Music is the canvas for all Nicholas has done with and for his students, his paintbrush the consistent, caring affirmation of their humanity, and his palette a willingness to share his humanity with them.
“He’s not just a music teacher, he’s a human being that just cares,” Isabella said. “He’s the community leader. He’s just like a light in the dark tunnel that is everything bad in the world.”
And for both Isabella and Mia, Nicholas has influenced how each now look at continuing on with their music.
Isabella said she entered the program convinced she did not want to do music after high school.
“After senior year I was like there’s no way I’m going to do a career that doesn’t have to do with music. It has to involve it in some form," she said.
That career could take forms as diverse as teaching, music psychology, or exploring cultural intersections with music, sociology and anthropology, she said, but music is the common thread.
For Mia, it was a transformation in her understanding of what being a musician is all about.
“When I came in, everybody in there had this idea of what a musician looked like,” she said. “Mr. Nicholas was able to bring us around so many different people that told us otherwise. Personally, the only way I thought I could be successful as a musician was to make a lot of money and become famous. Mr. Nicholas really made me realize that being a musician is nothing about that. It’s how much you really care about your music and put yourself in your music. I have ADHD, and I thought I wouldn’t be able to become a music teacher, I wouldn’t be able to become a professor, because that’s something that would get in my way. He kind of just put me in check and made me take a step back, and I was like I can do this because I’m watching him be insanely successful, but he’s still just a person in Chicago. You can still do those things without the grandiose ideas that seem unachievable.”
Some of those accolades are things Nicholas has undoubtedly already heard. During the nomination process, Nicholas and one of his students were guests on a podcast hosted by past award-winner Mickey Smith, Jr., who during the discussion made the comment, “Too often we give people flowers when they can’t smell them.” And then Nicholas received a fragrant verbal bouquet as the student described for Smith and his listeners qualities that made Nicholas a special kind of teacher.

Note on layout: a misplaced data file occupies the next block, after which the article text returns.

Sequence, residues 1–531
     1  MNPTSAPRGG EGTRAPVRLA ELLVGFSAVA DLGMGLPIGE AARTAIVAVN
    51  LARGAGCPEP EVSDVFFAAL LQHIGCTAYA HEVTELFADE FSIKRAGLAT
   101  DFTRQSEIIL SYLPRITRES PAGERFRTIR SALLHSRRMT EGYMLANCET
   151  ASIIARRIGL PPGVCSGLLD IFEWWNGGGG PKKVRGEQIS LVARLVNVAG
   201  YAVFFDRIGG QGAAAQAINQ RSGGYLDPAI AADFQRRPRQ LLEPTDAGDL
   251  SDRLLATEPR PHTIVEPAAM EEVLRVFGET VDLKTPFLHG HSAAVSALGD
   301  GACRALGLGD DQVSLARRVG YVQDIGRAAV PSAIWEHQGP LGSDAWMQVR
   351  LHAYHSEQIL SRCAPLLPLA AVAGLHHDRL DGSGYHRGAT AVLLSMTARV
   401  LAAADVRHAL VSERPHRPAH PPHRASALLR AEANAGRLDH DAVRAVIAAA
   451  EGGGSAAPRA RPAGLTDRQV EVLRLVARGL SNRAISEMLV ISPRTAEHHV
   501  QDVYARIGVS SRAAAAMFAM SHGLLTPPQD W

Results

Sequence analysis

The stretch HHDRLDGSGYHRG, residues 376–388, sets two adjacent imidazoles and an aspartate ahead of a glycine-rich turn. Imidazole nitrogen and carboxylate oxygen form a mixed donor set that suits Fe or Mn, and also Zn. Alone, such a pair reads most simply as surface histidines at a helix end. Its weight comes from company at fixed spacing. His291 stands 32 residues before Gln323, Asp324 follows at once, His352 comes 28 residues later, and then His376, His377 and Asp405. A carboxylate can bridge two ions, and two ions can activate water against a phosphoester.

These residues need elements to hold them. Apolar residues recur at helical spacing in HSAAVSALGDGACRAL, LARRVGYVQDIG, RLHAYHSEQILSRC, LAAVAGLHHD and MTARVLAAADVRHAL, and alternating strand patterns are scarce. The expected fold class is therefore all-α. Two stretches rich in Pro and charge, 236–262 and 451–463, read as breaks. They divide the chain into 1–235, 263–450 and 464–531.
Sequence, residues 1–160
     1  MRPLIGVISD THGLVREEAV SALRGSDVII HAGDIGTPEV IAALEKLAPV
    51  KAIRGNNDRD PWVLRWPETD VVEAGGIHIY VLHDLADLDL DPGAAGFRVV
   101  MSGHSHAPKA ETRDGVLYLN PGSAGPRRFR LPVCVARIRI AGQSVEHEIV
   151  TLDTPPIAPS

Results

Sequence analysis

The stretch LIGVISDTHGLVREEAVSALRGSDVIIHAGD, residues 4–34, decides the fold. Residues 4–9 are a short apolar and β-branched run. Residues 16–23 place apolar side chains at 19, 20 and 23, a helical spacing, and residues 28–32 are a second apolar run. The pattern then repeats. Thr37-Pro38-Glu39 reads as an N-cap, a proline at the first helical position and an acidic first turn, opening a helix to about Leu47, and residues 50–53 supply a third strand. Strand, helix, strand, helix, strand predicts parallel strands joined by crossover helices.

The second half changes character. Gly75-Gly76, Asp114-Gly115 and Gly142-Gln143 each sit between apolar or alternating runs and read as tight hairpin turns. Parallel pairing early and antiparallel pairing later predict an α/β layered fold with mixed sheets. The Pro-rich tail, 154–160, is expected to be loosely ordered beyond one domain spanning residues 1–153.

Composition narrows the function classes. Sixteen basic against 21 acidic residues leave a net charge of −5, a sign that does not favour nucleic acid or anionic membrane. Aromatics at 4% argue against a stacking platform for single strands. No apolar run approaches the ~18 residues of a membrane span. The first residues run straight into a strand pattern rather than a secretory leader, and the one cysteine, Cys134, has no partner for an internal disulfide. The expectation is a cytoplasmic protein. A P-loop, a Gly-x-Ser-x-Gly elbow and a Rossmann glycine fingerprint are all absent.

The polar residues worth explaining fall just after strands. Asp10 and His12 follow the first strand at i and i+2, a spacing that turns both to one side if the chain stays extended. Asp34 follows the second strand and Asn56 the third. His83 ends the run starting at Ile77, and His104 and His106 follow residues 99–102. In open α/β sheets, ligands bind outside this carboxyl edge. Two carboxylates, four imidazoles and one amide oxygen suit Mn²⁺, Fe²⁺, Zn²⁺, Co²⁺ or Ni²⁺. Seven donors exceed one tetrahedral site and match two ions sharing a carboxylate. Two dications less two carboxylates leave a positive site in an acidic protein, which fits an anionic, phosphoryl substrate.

“Being told some of your impact on others’ lives when you’re still around to hear it is really rewarding,” Nicholas said. “I hope for and I wish for the other humans in my life to hear those things, because they exist for all of us.”
Winning the Music Educator of the Year award would carry a little personal reward of its own, Nicholas admitted, but that’s not why he entered the competition. He entered it for his students and for the program, hoping the visibility will bring even more attention and opportunities and funding to the Senn music program.
“My hope is that this will allow more young people around the city to either have the opportunity to come to our school because they didn’t know about us before, or to know that Chicago has performing arts programs that they would be eligible for,” Nicholas said. “My hope with this whole award, really, is to bring people more hope, and to bring more life and more excitement. I can already feel some of the winds hitting some sails of people around me and in my community, and it’s exciting.”